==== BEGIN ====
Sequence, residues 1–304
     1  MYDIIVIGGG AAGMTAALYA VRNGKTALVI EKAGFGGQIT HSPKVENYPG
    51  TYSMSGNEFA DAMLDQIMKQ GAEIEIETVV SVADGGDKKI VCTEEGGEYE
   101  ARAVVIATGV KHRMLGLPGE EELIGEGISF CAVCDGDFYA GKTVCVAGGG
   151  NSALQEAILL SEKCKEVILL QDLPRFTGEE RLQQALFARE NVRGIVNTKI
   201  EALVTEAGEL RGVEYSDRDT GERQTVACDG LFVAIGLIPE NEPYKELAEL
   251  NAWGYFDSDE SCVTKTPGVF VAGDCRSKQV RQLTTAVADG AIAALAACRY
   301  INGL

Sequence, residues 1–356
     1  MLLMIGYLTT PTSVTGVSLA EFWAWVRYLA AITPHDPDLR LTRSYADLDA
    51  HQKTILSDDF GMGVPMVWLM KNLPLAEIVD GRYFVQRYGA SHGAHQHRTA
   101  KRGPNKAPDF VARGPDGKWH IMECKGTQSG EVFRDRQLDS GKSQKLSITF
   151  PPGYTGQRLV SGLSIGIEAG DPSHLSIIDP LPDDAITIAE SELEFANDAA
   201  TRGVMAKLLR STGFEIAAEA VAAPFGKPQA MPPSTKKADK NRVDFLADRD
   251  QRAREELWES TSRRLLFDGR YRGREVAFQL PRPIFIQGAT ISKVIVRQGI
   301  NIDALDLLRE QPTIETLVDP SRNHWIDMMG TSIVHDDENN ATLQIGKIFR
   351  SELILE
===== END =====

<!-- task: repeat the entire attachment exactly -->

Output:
Sequence, residues 1–304
     1  MYDIIVIGGG AAGMTAALYA VRNGKTALVI EKAGFGGQIT HSPKVENYPG
    51  TYSMSGNEFA DAMLDQIMKQ GAEIEIETVV SVADGGDKKI VCTEEGGEYE
   101  ARAVVIATGV KHRMLGLPGE EELIGEGISF CAVCDGDFYA GKTVCVAGGG
   151  NSALQEAILL SEKCKEVILL QDLPRFTGEE RLQQALFARE NVRGIVNTKI
   201  EALVTEAGEL RGVEYSDRDT GERQTVACDG LFVAIGLIPE NEPYKELAEL
   251  NAWGYFDSDE SCVTKTPGVF VAGDCRSKQV RQLTTAVADG AIAALAACRY
   301  INGL

Sequence, residues 1–356
     1  MLLMIGYLTT PTSVTGVSLA EFWAWVRYLA AITPHDPDLR LTRSYADLDA
    51  HQKTILSDDF GMGVPMVWLM KNLPLAEIVD GRYFVQRYGA SHGAHQHRTA
   101  KRGPNKAPDF VARGPDGKWH IMECKGTQSG EVFRDRQLDS GKSQKLSITF
   151  PPGYTGQRLV SGLSIGIEAG DPSHLSIIDP LPDDAITIAE SELEFANDAA
   201  TRGVMAKLLR STGFEIAAEA VAAPFGKPQA MPPSTKKADK NRVDFLADRD
   251  QRAREELWES TSRRLLFDGR YRGREVAFQL PRPIFIQGAT ISKVIVRQGI
   301  NIDALDLLRE QPTIETLVDP SRNHWIDMMG TSIVHDDENN ATLQIGKIFR
   351  SELILE